AuthorsAl Tamimi, Nadia
AdvisorsTester, Mark A.
Permanent link to this recordhttp://hdl.handle.net/10754/656786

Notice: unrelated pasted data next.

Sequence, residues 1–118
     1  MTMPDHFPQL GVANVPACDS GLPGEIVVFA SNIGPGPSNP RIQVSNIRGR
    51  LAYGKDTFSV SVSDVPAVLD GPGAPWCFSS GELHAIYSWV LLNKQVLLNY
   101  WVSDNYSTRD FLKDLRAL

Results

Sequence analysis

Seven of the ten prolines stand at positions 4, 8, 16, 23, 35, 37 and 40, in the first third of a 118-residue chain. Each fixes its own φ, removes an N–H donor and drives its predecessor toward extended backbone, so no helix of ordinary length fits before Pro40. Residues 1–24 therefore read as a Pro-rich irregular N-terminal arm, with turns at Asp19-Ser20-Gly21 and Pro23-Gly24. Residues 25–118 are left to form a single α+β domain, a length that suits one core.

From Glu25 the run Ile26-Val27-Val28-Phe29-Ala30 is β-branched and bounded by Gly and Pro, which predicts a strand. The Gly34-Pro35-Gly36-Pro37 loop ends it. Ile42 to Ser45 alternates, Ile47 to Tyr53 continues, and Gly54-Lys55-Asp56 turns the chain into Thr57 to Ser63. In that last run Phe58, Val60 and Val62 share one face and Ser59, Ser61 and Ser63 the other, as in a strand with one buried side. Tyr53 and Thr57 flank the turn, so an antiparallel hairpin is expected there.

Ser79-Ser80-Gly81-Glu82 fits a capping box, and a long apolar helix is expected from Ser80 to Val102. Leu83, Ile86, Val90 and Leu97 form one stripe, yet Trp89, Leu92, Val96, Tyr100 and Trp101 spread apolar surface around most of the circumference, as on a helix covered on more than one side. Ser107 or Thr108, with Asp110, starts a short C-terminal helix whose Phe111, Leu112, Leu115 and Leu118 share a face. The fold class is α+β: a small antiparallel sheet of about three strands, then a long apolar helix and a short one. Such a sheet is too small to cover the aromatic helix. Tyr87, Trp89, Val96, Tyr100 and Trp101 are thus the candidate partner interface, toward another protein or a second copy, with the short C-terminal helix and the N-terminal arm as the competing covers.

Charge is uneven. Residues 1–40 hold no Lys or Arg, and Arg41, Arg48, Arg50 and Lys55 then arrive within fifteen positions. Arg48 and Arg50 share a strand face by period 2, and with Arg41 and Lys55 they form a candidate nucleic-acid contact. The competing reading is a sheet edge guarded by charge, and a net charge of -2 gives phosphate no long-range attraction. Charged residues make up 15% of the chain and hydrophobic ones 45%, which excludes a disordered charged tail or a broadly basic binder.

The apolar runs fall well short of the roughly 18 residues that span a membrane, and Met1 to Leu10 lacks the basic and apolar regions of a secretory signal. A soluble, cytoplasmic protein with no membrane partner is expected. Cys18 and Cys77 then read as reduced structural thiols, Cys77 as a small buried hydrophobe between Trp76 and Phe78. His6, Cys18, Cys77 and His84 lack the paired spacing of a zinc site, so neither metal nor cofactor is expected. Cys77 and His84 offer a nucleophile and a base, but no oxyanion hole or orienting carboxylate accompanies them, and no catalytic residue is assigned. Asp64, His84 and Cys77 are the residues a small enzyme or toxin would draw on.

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AbstractFor more than half of the world’s population, rice (Oryza sativa L.), the most saltsensitive cereal, is a dietary staple. Soil salinity is a major constraint to rice production worldwide. Thus, to feed 9 billion people by 2050, we need to increase rice production while facing the challenges of rapid global environmental changes. To meet some of these challenges, there is a vital requirement to significantly increase rice production in salinized land and improve photosynthetic efficiency. Exposure of plants to soil salinity rapidly reduces their growth and transpiration rates (TRs) due to the ‘osmotic component’ of salt stress (sensu Munns and Tester), which is hypothesized to be related to sensing and signaling mechanisms. Over time, toxic concentrations of Na+ and Cl− accumulate in the cells of the shoot, known as the ‘ionic component’ of salt stress, which causes premature leaf senescence. Both osmotic and ionic components of salinity stress are likely to impact yield. Despite significant advances in our understanding of the ionic components of salinity tolerance, little is known about the early responses of plants to salinity stress. In my PhD project, the aim was to analyze naturally occurring variation in salinity tolerance of rice and identify key genes related to higher salinity tolerance using high-throughput phenomics and field trials. I used a forward genetics approach, with two rice diversity panels (indica and aus) and recently published sequencing data (McCouch et al., 2017). Indica and aus were phenotyped under controlled conditions, while the indica diversity panel was also further studied under field conditions for salinity tolerance. I also examined previously unexplored traits associated with salinity tolerance, in particular the effects of salinity on transpiration and transpiration use efficiency. The non-destructive high-throughput experiments conducted under controlled conditions gave insights into the understudied shoot ion-independent component of salinity tolerance. In parallel, the field experiments increased our understanding of the genetic control of further components of salinity tolerance, including the maintenance of yield under saline conditions. Importantly, this project also aimed to improve the current association methods of GWAS by exploring and testing novel Mixed Linear Models. One major benefit of this Ph.D. project was the development of a more holistic approach that recognizes the complexity of the genotype–phenotype interaction. The purpose of my work was to shed more light on the genetic mechanisms of salinity tolerance in rice and discover genes associated with traits contributing to higher photosynthetic activity under both controlled and field conditions. This will ultimately lead to further exploration of the genetic diversity present in the PRAY indica panel, in order to develop higher yielding rice varieties.